News

Palo Alto looks to raise age for tobacco sales

City prepares to follow Santa Clara County in raising minimum age to 21

Seeking to make Palo Alto a regional leader in a crusade against cigarette smoke, city officials are preparing to raise the minimum age for buying tobacco to 21 and to ban smoking in local apartment buildings and condominium complexes.

The two proposals would both build up the city's recent sequence of smoking bans, which include prohibitions on smoking at local parks, outdoor dining areas, main downtown strips and open-space preserve. The City Council's Policy and Services Committee unanimously agreed on Tuesday night that both are worth pursuing, sending their stamps of approval to the full council.

The idea of banning smoking at multi-family complexes has been floating through City Hall for more than a year, with the committee holding several meetings on the topic in 2015. On Tuesday, the committee voted to approve an ordinance that would establish the ban and that would provide allowances to property owners to install designated outdoor areas for smoking.

The idea is far from radical, given that bans on smoking in multi-tenant housing units are already in place in Belmont, Walnut Creek, Richmond, San Rafael and unincorporated San Mateo and Santa Clara counties.

The raising of the minimum buying age would, by contrast, put the city in the lead. While Santa Clara County adopted 21 as the legal buying age last year (the new age limit went into effect in January), it is so far an outlier among public agencies, said Terrence Howzell, principal attorney with the City Attorney's Office.

Berkeley has recently adopted a similar age restriction, effective 2017. And while a state bill to raise the smoking age to 21 is currently moving through the Assembly, the buying age remains 18 almost everywhere.

Palo Alto would join Santa Clara County as the exception if the City Council approves the committee's unanimous recommendation, as it is expected to do. In addition to the four council members who approved the change Tuesday night, Mayor Pat Burt (who chaired the committee last year) indicated last year that he would support a higher age limit (at that time, a proposal to support legislative efforts that would raise the age limit fizzled in the committee by a 2-2 vote).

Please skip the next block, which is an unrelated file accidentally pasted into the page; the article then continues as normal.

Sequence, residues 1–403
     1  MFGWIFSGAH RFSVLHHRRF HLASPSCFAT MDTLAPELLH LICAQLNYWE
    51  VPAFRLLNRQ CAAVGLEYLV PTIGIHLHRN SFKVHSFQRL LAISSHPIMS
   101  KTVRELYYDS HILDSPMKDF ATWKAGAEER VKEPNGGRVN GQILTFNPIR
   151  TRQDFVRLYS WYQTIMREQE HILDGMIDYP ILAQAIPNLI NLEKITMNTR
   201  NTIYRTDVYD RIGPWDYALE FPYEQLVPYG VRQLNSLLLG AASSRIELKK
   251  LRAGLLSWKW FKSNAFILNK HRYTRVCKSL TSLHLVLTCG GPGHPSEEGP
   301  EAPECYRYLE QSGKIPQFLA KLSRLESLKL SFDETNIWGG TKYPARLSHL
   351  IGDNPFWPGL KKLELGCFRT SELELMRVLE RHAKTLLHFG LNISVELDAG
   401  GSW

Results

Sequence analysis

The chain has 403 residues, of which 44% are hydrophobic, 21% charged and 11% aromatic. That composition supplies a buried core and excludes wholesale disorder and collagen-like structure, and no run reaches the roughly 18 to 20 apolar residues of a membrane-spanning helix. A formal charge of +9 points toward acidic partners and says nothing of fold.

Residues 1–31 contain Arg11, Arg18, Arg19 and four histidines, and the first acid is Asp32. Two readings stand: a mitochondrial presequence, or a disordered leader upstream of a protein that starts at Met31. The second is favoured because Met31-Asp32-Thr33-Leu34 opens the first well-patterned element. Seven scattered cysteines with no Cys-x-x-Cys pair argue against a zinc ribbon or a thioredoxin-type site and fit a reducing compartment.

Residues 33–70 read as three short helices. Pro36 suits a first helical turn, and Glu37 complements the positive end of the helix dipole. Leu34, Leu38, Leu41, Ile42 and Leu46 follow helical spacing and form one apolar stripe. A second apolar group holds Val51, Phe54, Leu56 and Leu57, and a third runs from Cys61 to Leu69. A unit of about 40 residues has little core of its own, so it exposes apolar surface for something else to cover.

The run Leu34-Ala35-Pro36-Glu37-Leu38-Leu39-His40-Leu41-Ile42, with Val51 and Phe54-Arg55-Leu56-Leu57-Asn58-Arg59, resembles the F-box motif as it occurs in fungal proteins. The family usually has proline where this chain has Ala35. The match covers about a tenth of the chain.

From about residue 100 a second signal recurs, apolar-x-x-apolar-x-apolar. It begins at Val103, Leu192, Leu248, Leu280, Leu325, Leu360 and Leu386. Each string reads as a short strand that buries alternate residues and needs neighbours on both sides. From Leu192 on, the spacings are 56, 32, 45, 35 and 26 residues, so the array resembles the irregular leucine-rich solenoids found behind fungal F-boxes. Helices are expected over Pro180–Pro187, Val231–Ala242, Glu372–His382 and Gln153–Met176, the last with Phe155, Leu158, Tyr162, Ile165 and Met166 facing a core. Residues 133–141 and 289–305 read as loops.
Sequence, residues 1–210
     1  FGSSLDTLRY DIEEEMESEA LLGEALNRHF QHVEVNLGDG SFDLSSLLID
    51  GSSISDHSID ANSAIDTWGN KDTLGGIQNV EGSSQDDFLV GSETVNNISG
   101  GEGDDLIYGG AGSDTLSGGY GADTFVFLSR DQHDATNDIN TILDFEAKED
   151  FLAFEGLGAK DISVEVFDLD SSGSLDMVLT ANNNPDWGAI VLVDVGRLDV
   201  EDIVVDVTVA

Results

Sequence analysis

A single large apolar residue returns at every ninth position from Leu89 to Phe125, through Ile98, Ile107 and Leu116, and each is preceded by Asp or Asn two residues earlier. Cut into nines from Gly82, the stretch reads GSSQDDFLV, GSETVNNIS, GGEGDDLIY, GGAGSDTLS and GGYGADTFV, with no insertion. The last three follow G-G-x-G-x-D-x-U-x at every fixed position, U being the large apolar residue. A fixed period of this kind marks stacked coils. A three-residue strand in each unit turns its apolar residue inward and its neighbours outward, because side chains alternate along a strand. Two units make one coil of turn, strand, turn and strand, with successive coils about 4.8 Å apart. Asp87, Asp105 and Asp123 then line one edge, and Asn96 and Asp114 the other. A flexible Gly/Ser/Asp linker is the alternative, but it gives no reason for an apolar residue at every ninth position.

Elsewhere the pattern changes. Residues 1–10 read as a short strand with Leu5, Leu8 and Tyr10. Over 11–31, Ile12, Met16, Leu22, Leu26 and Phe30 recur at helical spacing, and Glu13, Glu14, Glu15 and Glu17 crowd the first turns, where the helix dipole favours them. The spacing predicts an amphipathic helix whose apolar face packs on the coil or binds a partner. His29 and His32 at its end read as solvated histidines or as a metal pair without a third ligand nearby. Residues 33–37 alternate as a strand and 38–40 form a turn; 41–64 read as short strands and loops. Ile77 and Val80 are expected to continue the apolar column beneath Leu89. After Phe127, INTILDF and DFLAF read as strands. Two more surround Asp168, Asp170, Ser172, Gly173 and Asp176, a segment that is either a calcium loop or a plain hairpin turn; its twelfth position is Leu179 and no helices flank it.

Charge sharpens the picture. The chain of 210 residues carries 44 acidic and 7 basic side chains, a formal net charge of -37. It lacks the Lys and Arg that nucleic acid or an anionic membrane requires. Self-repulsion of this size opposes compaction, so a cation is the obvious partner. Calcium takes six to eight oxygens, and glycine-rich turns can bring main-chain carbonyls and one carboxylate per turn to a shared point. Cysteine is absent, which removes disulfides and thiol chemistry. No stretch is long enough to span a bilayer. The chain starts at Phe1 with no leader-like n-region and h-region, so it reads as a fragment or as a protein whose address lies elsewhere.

The plan to raise the age limit ended up in front of the committee Tuesday as part of a separate proposal to establish a licensing program for tobacco retailers. Since late last year, Palo Alto officials have been corresponding with Santa Clara County about the county administering and enforcing the city's new licensing program.

On Tuesday night, Public Works staff said that the county has indicated that it is willing to administer Palo Alto's new program, which would apply to the city's roughly 30 tobacco retailers. The city, however, would have to adopt the county's tobacco-licensing ordinance, which includes a minimum age of 21 for tobacco sales, a complete ban on sales of flavored tobacco and a prohibition on new retailers within 1,000 feet of a school, 5,000 feet of each other, or inside a pharmacy. After a brief discussion, the committee agreed that the move is worth pursuing.

Councilman Marc Berman, who last year provided one of the two dissenting votes (Cory Wolbach joined him in dissent), once again voiced some skepticism about the new age requirement. If a 19-year-old is old enough make a decision to go off to war, Berman said, why shouldn't he be considered mature enough to make a decision about buying cigarettes?

"If smoking is bad, and smoking is bad for everybody, and you're an adult at 18, why don't we ban smoking for everybody?" Berman asked. "Why are we deciding to just ban smoking for people who are just 18, 19 and 20? Why are we treating people who are 18, 19 and 20 differently from people who are 21, 22 and 23 when it comes to smoking?"

Councilwoman Liz Kniss, a retired nurse and former county supervisor, countered that smoking is "incredibly addictive" and argued in favor of raising the age for tobacco sales.

"It would be a public health service if you can in some way keep kids in their teens from smoking until they're 21. If you can stop a couple of people from becoming addicted, you've done some good for your community," Kniss said.

The county, which took action in June 2015 to raise the age for tobacco sales, concluded that the younger the person is when he or she first tries tobacco, the more likely they are to get addicted. In a letter to the city last year, the county's Public Health Director Sara Cody wrote that an estimated 90 percent of tobacco users start before the age of 21 and about 80 percent try it before they are 18. About 75 percent of teen smokers continue into their adult years, Cody noted. She cited a report by the Institute of Medicine predicting that raising the minimum age for tobacco sales to 21 will, over time, reduce the smoking rate by about 12 percent and smoking-related deaths by 10 percent.

"By making it harder for teens and young adults ages 18-21 to get access to tobacco, we are preventing more lifetime smokers, thereby reducing future health care costs and the leading preventable cause of death," Cody wrote.